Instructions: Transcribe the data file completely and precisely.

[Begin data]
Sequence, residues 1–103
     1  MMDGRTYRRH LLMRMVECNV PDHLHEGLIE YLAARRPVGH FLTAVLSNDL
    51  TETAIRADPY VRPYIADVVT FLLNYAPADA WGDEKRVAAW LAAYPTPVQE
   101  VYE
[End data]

Sequence, residues 1–103
     1  MMDGRTYRRH LLMRMVECNV PDHLHEGLIE YLAARRPVGH FLTAVLSNDL
    51  TETAIRADPY VRPYIADVVT FLLNYAPADA WGDEKRVAAW LAAYPTPVQE
   101  VYE